by Joe Santoro

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February 28, 2013
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Sports Fodder: Dire times for Pack hoops


Sports fodder for a Friday morning . . .

The Nevada Wolf Pack men's basketball team is circling the drain. Someone has cut the cables on the Wolf Pack elevator and all that's left is the sickening thud.- Just when you thought it couldn't get any worse for the Pack, well, they prove us wrong. Again. The 73-47 loss at Boise State on Wednesday leaves us with only one question. Has this team quit on its coach and itself? We'll find out Saturday afternoon when UNLV comes to Lawlor Events Center.

. . .

Is it time to start the clock on coach David Carter's time at Nevada? This is Carter's fourth season as head coach and, barring a Hoosiers' miracle, he is headed toward his second losing season. Pat Foster had four winning seasons in a row and was then dumped after an 8-18 year. Len Stevens had five consecutive winning seasons and was kicked out after a 9-17 season. Sonny Allen went to two NCAA tournaments, had four straight winning seasons and was booted after a 13-15 campaign. Jim Carey had three great years, went 10-19 and was shown the door. How much patience will the new athletic director exhibit with Carter? Does he have to win in 2013-14 to keep his job?

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The Wolf Pack's entire season comes down to Saturday afternoon. If the Pack beats UNLV - it could happen - then all is forgiven. They at least have to show up and compete, which is something- they can't seem to do for two games in a row lately. This isn't the Greg Anthony-Larry Johnson-Stacey Augmon-Anderson Hunt Rebels. It's a good Rebel team but not a great one. They are actually quite mediocre on the road, losing at Fresno, Boise and Air Force. Right now you wouldn't pick the Pack to beat the Hug High girls' freshman team. But nothing about this Pack season makes sense.- A win over UNLV would fit perfectly in this goofy season.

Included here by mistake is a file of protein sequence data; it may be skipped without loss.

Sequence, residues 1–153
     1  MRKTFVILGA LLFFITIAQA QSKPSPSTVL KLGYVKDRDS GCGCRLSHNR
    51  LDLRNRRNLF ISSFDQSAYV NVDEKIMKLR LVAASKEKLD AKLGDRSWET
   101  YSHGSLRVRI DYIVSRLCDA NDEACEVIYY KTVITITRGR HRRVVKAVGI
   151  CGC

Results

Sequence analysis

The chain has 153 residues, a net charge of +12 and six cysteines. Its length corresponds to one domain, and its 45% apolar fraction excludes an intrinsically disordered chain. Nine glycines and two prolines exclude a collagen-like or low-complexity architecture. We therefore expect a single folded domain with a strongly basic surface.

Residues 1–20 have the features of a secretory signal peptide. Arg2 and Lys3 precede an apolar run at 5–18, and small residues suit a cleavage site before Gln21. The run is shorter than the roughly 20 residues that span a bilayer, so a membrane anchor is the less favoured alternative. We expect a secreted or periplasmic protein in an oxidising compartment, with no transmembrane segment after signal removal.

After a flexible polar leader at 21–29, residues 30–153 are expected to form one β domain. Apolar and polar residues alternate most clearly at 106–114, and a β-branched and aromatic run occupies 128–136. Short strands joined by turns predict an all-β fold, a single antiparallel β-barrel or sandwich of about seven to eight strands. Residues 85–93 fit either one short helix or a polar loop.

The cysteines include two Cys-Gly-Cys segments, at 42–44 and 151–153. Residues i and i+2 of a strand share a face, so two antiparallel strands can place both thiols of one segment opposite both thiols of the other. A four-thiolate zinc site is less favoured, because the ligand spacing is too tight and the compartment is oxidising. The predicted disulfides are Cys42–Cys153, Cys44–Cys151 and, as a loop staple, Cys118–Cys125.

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The Wolf Pack has narrowed its head fundraiser (they insist on calling it "athletic director") search to three candidates: Timothy Leonard of SMU, John Johnson of Washington State and Doug Knuth of Utah. All three have vast experience at raising money which, sad to say, is really the only thing an athletic director needs to do anymore. Leonard sold the naming rights of Central Florida's football stadium for $15 million, Johnson raised money to help build suites and a new press box at Weber State and Knuth helped raise money to expand Spartan Stadium at Michigan State. Get ready for the Raley's-Scolari's-Silver Legacy football stadium on north Virginia Street.

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None of the three candidates, surprisingly, is related to or has ever worked closely with a Polian. None of them ever coach against or played against Chris Ault. It would have been nice to have a Nevada graduate among the finalists but, alas, the years of the Jake Lawlor-Dick Trachok-Ault regime are obviously never returning. But here's the deal on the new A.D. search. Unless you work up on north Virginia Street and nine of every 10 shirts you own has a Wolf Pack logo on it, you could not care less who sits in the athletic director's office. Most fans have just two requests when it comes to the A.D. - don't raise ticket prices and demand that the football coach and men's basketball coach wins a ton of games. Everything else is just paperwork.

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When it comes to buying a new quarterback, the Kansas City Chiefs are like the clueless guy who has gone from owning an Edsel and a Corvair to a Gremlin, Pinto and a Pacer and keeps buying from the same shady used car dealer. Alex Smith will be the fifth former San Francisco 49ers quarterback to head to KC after Steve DeBerg, Joe Montana, Elvis Grbac and Steve Bono. Smith is the kind of quarterback who looks fine sitting on the lot. But once you get him home, the doors fall off and the transmission falls to your garage floor.

. . .

Why is everyone so quick to scoff at the notion that LeBron James might actually be more talented than Michael Jordan, that he might end up being the greatest player in the history of the NBA? We've never seen a talent like James, a guy who could conceivably play all five positions on the floor. James is dominating the league and will likely do so for the next decade. His greatest sin, it seems, is leaving Cleveland. Who wouldn't leave Cleveland? Jim Brown left Cleveland at the height of his athletic prowess just to make bad movies. Yes, we know that Jordan has six rings and James has just one. But give James five more seasons.

Joe Santoro is a freelance writer for the Sierra Nevada Media Group.


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The Record Courier Updated Feb 28, 2013 07:56PM Published Feb 28, 2013 07:55PM Copyright 2013 The Record Courier. All rights reserved. This material may not be published, broadcast, rewritten or redistributed.